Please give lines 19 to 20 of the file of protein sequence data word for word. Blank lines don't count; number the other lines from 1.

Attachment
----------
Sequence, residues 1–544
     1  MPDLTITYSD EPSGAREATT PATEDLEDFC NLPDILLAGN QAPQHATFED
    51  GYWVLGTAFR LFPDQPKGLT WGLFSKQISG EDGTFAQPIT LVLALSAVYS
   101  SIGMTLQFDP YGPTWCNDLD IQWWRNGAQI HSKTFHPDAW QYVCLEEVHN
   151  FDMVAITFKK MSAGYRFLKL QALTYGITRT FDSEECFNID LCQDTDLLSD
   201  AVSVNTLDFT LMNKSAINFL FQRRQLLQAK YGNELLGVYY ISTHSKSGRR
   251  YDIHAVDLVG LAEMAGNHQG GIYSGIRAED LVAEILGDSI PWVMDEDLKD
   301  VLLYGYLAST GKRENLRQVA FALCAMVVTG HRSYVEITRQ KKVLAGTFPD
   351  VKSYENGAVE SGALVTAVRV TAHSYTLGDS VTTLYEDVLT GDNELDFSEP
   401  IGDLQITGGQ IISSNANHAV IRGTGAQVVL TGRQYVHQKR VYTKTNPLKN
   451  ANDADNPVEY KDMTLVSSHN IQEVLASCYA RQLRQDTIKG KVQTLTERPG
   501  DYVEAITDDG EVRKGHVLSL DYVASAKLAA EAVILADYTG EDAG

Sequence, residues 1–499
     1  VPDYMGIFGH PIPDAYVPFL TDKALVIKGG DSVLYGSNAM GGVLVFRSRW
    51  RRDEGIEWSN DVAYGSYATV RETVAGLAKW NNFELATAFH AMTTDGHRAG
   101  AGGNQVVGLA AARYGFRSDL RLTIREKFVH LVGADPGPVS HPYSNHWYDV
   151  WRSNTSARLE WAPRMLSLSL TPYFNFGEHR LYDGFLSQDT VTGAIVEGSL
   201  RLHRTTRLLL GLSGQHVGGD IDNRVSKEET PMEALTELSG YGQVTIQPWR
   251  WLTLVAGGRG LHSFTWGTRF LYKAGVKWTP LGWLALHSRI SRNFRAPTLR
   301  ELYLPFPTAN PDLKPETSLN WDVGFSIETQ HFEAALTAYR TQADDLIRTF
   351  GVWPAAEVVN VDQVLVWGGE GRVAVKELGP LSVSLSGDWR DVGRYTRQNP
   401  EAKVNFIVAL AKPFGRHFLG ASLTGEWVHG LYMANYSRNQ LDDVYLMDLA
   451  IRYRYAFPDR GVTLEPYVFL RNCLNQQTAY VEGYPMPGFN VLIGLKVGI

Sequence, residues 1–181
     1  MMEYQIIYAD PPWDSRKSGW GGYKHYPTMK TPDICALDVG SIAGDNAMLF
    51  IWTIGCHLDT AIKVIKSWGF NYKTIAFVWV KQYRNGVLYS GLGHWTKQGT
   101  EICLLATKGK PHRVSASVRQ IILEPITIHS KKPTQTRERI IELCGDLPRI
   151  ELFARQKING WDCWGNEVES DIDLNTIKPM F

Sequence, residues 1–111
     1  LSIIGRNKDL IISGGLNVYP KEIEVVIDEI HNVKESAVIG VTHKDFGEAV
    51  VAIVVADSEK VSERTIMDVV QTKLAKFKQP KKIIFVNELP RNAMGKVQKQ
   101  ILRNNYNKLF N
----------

   251  WLTLVAGGRG LHSFTWGTRF LYKAGVKWTP LGWLALHSRI SRNFRAPTLR
   301  ELYLPFPTAN PDLKPETSLN WDVGFSIETQ HFEAALTAYR TQADDLIRTF